BY MARK W. HENDRICKSON
Editor’s note: This article first appeared in TheEpochTimes.com on October 17, 2018
On Oct. 18, the Intergovernmental Panel on Climate Change (IPCC), a project of the United Nations, published a report that warns of multiple dire consequences if the average global temperature rises by more than a half-degree Celsius from current levels.
The IPCC report asserts, “Limiting global warming to 1.5 C [one degree already having occurred over the past 150 years] would require rapid, far-reaching and unprecedented changes in all aspects of society.”
Oh, brother, here we go again: Another scare story about climate disaster—and just in time for Halloween. Like the boy who cried “wolf,” the global-warming crowd keeps proclaiming points of no return that come and go, while life on Earth goes chugging along as before.
We’ve heard such hysterical projections before. One infamous jeremiad happened in 2006, when Al Gore stated that the world “would reach a point of no return within 10 years” if man-made CO2 emissions weren’t slashed dramatically.
Another came in 2007 when Rajendra Pachauri, former head of the IPCC, declared, if “there’s no action before 2012, that’s too late.”
These bold but spectacularly wrong predictions continued a well-established tradition of erroneous prognostications by celebrity environmentalists, dating back to Paul Ehrlich’s laughably wrong predictions of gloom and doom in his 1968 bestseller, “The Population Bomb.”
Facts and Problems
Here are the facts upon which we can agree (no denial here): CO2 helps to “trap” or absorb heat in our atmosphere. The concentration of CO2 in the atmosphere is increasing rapidly. Human consumption of fossil fuel is partly responsible for that increase. Earth’s atmosphere has been getting warmer over the past 100 to 150 years.
What is in dispute is the prediction that disaster is assured if humans don’t drastically curtail their consumption of fossil fuels.
There are at least three fundamental problems with the global-warming alarm: 1) Nobody can predict the future; 2) Nobody knows what the “right” or optimal global temperature is; and 3) Nobody knows what the “right” amount of CO2 in the atmosphere is.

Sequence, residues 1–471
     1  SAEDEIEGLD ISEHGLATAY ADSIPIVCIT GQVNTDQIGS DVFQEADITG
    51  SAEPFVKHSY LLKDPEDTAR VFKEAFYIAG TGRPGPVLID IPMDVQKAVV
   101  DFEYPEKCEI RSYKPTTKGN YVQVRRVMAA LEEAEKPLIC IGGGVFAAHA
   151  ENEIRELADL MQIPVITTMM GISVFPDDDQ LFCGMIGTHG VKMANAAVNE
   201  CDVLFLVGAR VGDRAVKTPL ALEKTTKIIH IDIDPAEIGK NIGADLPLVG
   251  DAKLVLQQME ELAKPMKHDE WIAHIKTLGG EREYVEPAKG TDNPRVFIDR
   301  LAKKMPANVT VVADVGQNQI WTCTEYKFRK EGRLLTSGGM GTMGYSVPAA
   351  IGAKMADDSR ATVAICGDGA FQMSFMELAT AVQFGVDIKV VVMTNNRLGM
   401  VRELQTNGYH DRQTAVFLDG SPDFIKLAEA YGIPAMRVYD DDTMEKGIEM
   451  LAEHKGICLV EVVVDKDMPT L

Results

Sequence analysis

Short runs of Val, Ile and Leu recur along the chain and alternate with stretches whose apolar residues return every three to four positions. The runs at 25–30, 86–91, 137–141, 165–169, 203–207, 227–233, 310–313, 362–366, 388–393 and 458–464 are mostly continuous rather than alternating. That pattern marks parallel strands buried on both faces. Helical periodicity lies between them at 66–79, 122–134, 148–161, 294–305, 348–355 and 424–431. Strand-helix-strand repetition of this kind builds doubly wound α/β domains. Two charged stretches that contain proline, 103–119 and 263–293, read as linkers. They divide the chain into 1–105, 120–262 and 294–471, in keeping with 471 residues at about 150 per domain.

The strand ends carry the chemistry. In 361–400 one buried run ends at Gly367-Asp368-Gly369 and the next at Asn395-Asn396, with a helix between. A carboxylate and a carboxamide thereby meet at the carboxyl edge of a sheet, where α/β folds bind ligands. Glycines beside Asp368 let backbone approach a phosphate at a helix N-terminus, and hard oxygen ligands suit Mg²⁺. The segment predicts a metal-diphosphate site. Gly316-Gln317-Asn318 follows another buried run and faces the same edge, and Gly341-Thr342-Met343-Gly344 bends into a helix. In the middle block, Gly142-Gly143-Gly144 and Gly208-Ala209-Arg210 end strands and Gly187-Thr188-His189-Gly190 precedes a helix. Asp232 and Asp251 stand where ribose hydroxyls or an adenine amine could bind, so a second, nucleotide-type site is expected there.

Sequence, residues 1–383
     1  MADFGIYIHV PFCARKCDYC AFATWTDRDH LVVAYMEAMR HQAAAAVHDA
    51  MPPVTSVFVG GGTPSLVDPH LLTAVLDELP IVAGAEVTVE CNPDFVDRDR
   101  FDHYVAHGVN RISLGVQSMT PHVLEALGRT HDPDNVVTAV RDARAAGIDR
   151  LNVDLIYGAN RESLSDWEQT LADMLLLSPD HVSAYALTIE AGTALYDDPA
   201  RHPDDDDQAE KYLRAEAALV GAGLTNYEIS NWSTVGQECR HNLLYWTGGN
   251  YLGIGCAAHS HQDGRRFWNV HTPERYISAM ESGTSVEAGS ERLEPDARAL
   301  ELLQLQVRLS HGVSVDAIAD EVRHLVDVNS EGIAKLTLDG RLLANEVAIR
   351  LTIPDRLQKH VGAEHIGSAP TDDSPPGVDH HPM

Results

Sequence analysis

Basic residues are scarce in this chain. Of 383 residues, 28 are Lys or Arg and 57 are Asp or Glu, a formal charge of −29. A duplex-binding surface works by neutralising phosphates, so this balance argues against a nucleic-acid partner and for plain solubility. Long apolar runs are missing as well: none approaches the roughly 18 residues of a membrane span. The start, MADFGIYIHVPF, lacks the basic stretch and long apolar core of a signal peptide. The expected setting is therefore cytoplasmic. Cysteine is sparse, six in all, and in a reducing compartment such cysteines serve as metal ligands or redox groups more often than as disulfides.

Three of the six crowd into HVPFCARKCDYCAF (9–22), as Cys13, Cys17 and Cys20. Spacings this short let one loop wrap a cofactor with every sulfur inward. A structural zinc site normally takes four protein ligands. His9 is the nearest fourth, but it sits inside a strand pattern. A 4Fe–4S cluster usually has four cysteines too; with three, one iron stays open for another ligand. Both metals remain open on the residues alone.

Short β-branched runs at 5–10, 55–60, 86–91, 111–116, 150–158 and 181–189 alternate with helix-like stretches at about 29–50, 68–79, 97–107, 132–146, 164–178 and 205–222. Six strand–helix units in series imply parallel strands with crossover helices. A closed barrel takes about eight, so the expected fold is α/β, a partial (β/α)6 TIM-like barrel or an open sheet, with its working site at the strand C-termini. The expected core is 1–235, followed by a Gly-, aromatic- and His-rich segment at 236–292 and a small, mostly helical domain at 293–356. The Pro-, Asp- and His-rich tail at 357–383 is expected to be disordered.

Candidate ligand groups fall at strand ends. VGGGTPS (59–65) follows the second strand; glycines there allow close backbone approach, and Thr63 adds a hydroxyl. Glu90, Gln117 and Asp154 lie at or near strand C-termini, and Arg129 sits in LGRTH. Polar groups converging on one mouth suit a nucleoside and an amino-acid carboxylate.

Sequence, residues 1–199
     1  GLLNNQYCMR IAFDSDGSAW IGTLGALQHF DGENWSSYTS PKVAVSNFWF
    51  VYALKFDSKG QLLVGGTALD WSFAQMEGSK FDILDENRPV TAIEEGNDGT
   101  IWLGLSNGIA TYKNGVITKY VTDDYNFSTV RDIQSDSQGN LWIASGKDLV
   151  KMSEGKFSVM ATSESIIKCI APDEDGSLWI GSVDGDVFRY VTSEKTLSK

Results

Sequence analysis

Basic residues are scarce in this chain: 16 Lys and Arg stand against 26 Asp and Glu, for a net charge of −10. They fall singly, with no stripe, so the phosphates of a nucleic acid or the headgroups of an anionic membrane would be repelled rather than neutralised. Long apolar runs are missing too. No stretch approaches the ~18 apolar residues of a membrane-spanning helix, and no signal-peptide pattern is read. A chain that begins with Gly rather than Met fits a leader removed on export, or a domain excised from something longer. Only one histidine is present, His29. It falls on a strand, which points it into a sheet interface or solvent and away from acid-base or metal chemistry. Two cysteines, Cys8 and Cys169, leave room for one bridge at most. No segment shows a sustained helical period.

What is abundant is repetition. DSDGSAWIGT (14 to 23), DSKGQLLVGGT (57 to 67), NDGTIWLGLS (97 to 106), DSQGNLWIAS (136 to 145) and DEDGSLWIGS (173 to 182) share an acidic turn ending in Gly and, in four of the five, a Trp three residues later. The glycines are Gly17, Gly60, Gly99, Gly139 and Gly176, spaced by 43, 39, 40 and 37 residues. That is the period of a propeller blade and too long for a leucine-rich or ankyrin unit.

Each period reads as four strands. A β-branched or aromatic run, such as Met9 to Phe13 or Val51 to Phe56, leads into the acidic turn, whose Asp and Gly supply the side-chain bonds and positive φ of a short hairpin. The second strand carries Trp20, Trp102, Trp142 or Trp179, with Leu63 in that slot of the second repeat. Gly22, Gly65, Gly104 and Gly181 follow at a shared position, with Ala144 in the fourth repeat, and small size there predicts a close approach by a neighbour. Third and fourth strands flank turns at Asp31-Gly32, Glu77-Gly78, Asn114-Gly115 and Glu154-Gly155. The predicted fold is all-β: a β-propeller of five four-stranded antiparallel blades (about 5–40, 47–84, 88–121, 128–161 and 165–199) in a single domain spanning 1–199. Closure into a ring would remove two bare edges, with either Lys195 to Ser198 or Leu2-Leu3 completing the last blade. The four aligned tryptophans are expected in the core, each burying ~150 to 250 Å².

First, predictions: Because Earth’s climate is so enormously complex, accurate predictions are impossible. Don’t take my word for it. An earlier IPCC report contained this nugget of truth: “The climate system is a coupled non-linear chaotic system, and therefore, the long-term prediction of future climate states is not possible.” For anyone to claim certainty about future climate conditions is unjustified and irresponsible.
Second, warmer temperatures: Not only don’t we know if, and to what extent, Earth’s atmosphere will warm or cool in the coming decades, centuries, and millennia, but the basic question of whether warmer is better or worse also hasn’t been settled. Anthropologists have found that human civilization seems to thrive better under warmer conditions than colder ones.
It’s totally arbitrary for the IPCC report to try to scare us with a story that a temperature a mere half a degree Celsius warmer than the present constitutes a threshold that, once crossed, will cause all heck to break loose.
Yes, Earth has warmed approximately one degree since “pre-industrial times,” i.e., over the last two centuries. So what? That is hardly remarkable, since Earth emerged from the frigid Little Ice Age in the 19th century.
We highly recommend Mark Hendrickson’s The Big Picture: The Science, Politics, and Economics of Climate Change (2018)
Statements like “last year was the warmest year in history” are misleading. They are only true if one defines climate “history” as having begun in the 1870s, when the federal government began to record temperatures.